The PPL written test

The good news? Studying for the written test to get your PPL won’t take a ton of effort if you already passed the test to get your remote pilot certificate.

“Many of the hardest parts of the PPL test were in the Part 107 exam (with some notable exceptions, like Aircraft Maintenance, Flight Rules, Instruments and Cross-Country Planning), so I already had somewhat of an aviation knowledge base to build upon,” said AerialAge’s Tony Montoya.

The PPL practical exam

There’s not a lot to compare the practical exam with to the drone industry, since there is no such requirement in drones. It’s going to be a big day, and you’re going to want to get there early.

You’ll have to do a preflight check and your examiner will review your logbooks, entering your personal information info into IACRA, which is the web-based certification/rating application that guides the user through the FAA’s airman application process, and have you sign some documents. Then you’ll have to answer a number of oral questions before you can actually get up in the air for your checkride.

Rather than reinvent the wheel, I’ll link to this excellent first-person account of the PPL practical exam, which includes a pretty complete breakdown of the whole day.

Time spent getting your Private Pilot License vs. your Remote Pilot Certificate:

As far as studying for the written tests, the time spent getting your PPL on top of your Remote Pilot Certificate will largely vary based on your background.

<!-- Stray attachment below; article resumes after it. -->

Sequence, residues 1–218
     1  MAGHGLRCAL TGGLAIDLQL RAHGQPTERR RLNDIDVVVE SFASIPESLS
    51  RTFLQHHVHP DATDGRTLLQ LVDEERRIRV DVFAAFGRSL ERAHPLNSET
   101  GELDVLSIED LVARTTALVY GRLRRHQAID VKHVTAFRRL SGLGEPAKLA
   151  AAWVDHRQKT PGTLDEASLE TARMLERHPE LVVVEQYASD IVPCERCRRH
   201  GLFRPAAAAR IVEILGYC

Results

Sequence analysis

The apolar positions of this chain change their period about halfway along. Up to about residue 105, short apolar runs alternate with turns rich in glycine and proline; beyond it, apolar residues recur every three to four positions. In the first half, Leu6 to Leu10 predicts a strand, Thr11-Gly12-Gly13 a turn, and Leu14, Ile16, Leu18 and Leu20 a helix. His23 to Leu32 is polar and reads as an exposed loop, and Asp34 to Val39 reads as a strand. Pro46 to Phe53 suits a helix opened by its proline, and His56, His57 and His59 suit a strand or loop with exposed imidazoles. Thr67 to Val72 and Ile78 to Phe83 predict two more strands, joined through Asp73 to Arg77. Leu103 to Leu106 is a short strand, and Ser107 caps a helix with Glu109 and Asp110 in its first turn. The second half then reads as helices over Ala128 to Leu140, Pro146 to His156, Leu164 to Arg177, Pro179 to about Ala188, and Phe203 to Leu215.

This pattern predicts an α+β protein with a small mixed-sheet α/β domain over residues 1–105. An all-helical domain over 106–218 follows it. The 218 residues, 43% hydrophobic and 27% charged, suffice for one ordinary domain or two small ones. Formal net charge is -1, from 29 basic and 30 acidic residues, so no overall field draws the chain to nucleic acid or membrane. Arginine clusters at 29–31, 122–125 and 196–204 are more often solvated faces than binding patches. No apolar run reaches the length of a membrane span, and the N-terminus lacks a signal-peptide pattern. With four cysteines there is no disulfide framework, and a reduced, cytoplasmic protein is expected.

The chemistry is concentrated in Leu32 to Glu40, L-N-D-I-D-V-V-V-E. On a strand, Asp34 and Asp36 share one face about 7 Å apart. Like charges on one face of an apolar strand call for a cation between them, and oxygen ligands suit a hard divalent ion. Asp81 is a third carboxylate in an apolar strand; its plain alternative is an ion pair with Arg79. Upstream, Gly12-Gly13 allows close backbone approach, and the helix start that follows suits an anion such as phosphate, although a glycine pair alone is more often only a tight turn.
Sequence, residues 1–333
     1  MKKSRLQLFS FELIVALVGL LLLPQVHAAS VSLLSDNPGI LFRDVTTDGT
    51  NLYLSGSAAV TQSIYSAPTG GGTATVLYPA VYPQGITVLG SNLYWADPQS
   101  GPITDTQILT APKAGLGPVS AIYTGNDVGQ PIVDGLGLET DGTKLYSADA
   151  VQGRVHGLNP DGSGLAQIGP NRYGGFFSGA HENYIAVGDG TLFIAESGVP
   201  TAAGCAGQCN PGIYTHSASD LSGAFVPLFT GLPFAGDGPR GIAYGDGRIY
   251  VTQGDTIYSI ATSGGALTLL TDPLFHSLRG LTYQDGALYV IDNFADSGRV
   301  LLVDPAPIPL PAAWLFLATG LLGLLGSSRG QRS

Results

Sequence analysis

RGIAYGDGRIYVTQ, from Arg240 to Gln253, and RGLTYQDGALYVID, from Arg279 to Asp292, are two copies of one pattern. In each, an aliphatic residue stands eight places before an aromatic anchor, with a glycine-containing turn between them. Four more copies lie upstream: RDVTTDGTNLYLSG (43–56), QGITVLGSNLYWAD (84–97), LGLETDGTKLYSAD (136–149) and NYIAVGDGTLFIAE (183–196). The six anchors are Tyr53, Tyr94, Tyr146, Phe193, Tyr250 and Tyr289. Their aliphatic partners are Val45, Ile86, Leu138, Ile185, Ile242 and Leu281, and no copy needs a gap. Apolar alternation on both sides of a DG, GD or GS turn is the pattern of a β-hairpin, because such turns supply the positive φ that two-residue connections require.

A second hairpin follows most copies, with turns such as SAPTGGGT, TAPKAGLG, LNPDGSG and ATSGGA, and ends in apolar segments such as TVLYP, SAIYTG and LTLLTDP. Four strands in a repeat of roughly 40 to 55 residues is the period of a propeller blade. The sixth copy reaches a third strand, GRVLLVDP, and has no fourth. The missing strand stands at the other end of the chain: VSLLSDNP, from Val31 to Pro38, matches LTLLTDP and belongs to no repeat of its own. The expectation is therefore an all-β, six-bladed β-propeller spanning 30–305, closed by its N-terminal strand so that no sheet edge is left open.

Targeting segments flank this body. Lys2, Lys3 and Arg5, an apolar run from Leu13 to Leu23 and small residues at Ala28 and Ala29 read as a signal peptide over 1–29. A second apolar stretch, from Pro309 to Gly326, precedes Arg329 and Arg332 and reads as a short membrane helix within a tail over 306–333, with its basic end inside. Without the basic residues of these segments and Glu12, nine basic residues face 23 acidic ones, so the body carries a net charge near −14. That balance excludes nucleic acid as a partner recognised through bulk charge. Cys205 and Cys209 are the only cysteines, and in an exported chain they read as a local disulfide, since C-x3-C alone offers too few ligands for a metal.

For Elise Permann, who is working on studying to get her PPL right now and has already been a part of the Civil Air Patrol, she already knew about aerospace and had done emergency services training, making the sectional reading and weather questions fairly simple to learn about.

“Now with diving more into my private pilot’s license studying, it’s rehashing things I already knew, but I think I’m pushing myself more because I want to make sure to keep up on my pilot knowledge for my upcoming test,” she said.

There is, however, a minimum time requirement in flight hours for your PPL) meanwhile, there is no flight logging requirement to get your Remote Pilot Certificate).

FAA regulations require a minimum of 40 hours of flight instruction and experience. However, the national average is closer to 60 hours, so you might want to budget not only more time, but also more money to pay for those extra flight hours.

“I’m budgeting $15K to include PPL and instrument ratings,” Montoya said.

As you can tell, getting your pilot’s license is not easy — and it’s a much bigger endeavor than simply getting your drone license through the written exam. In fact, 80% of student pilots voluntarily withdraw from training before gaining even a basic pilot license, according to a study conducted for the US Aircraft Owners and Pilots Association.

That being said, I wish you luck, and happy flying!

Have you gotten your Private Pilot License after obtaining your Part 107 Remote Pilot Certificate? What was your experience like? Share any feedback, tips or stories in the comments below!